Commission and Parliament discuss second reading of Fifth Framework Programme - 3 March 1998
Edith Cresson, Commissioner responsible for research, innovation, education, training and youth, spoke to the members of the European Parliament's Committee on Research, Technological Development and Energy at their meeting in Brussels on 3 March 1998. In the wake of the Council's agreement on a common position on 12 February, discussions focused on the preparation of the Parliament's second reading of the Fifth RTD Framework Programme. Significantly, the meeting took place in private without representatives of the Council present.
Both the Commission and the Parliament have already made clear that the budget figure agreed by the Council on 12 February does not meet their expectations. It will be recalled that the Commission's proposal of ECU 16.3 billion over four years was increased by the Parliament to ECU 16.7 billion, whereas the Council agreed on the much lower figure of ECU 14 billion. The Commissioner stated that ECU 14 billion represents in real terms a reduction in relation to the Fourth Framework Programme. Moreover, she continued, "If this figure were to be adopted, it would, for the first time in the EU's history, mean a reduction in our research effort".
Such a reduction would not be made up by an increase in public funding at Member State level, she noted, given the current climate of budgetary rigour. And, at a time when US President Bill Clinton has just announced a huge increase in the USA's public research spending, it would be hard to explain to Europeans why the EU is holding back she said.
The Council's budget agreement would also have a negative effect on the Joint Research Centre, according to Commissioner Cresson. While the JRC is currently being asked to extend its activities in fields such as public health, consumer protection and the fight against fraud, the Council's budget figure would require some of the Centre's activities to be cut back or dropped completely.
It seems clear that the remainder of the legislative process is going to be dominated by the three institutions' differences over the budget, as Mrs. Cresson acknowledged that "The Fifth Framework Programme, as set out in the Council's common position, appears relatively close, in its thematic directions and its structure, to that proposed by our two institutions (Commission and Parliament)".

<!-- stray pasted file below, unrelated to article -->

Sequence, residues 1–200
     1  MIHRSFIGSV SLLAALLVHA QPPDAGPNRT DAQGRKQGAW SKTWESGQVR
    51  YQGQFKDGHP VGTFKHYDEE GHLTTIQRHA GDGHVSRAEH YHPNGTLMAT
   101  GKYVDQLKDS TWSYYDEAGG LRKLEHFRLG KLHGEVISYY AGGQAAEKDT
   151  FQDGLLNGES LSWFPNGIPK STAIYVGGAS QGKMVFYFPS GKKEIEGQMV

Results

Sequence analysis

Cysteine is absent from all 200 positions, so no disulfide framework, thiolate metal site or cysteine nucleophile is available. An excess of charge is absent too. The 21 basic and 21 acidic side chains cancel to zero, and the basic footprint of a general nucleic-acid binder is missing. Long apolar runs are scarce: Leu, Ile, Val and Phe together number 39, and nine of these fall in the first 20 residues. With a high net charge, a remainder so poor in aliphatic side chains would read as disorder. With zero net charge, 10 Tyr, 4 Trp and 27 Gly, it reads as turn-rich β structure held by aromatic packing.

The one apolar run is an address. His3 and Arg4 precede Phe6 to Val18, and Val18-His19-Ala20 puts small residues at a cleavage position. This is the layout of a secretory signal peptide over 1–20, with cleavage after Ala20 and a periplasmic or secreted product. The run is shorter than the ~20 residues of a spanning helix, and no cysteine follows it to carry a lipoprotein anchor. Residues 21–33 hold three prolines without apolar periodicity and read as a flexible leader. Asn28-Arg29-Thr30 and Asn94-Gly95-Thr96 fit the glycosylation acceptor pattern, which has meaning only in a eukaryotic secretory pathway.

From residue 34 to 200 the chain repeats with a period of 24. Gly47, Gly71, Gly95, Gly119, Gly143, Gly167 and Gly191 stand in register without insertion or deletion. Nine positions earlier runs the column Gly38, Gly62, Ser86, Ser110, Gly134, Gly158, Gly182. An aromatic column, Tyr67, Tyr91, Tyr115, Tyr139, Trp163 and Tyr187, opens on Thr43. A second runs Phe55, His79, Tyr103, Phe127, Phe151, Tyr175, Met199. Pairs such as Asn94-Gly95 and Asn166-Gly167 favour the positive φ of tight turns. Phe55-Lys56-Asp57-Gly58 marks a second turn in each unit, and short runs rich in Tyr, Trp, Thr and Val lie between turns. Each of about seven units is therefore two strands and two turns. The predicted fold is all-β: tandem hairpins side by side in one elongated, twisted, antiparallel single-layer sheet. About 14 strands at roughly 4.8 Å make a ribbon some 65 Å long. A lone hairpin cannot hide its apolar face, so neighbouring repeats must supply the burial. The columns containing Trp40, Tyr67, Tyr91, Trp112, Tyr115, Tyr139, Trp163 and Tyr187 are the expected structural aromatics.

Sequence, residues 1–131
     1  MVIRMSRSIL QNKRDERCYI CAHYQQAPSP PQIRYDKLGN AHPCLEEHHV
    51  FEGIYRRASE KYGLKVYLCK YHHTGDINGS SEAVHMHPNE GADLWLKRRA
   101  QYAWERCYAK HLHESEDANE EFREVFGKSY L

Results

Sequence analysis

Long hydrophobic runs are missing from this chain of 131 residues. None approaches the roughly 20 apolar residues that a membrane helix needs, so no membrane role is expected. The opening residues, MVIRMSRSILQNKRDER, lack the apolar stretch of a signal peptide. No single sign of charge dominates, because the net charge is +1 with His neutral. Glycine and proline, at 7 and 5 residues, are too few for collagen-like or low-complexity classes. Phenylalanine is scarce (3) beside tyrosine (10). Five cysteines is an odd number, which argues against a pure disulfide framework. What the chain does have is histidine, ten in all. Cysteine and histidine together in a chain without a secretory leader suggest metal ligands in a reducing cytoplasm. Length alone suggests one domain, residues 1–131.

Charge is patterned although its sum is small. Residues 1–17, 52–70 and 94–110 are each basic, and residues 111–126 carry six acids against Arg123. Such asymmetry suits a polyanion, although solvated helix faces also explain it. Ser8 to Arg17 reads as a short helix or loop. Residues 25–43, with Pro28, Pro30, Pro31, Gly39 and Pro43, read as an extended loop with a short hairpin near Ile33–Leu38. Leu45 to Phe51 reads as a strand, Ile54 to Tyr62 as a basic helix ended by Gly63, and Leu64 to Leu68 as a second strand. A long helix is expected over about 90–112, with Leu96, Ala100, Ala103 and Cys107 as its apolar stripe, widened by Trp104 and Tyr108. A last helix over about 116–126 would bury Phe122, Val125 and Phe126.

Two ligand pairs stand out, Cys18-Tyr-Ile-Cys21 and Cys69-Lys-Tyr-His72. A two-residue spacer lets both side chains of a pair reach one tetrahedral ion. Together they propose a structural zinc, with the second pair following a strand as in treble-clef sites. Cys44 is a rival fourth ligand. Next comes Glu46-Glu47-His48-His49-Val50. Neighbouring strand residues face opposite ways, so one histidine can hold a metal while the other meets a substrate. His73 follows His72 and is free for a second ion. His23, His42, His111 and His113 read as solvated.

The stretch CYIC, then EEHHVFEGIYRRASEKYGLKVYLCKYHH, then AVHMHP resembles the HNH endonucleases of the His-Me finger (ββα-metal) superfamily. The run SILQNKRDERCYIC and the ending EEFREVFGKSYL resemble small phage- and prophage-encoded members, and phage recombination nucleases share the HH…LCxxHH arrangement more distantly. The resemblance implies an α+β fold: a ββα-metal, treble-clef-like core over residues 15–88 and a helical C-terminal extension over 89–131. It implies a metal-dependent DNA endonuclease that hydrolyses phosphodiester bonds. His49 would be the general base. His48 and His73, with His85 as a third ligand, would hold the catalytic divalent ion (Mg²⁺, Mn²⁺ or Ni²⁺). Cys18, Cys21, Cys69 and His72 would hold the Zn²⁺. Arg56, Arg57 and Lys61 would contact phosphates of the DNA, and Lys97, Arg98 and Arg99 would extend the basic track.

The Commission prefers that the additional fourth thematic programme, put forward by both Council and Parliament, and taken on board by the Commission in its amended proposal, would not be split into separate structures for energy and environment. The Global Climate Change conference at Kyoto, in December 1997, at which the EU had played a constructive role, showed the interdependence of energy and environment, according to the Commissioner. The goal for the programme would be to minimize the harmful effects of energy use on the environment, requiring such questions to be addressed in an integrated manner.
The Council's common position is likely to be formally adopted in late March 1998, and will be transmitted to the Parliament for second reading. At this stage, the Parliament may adopt amendments to the common position by an absolute majority of its members, and has to deliver its report within four months at most. Parliament's second reading then goes back to the Council, and if the differences between the Commission and Parliament on the one hand, and the Council on the other, have not narrowed, then the Conciliation procedure would be initiated to bring about agreement on the Programme.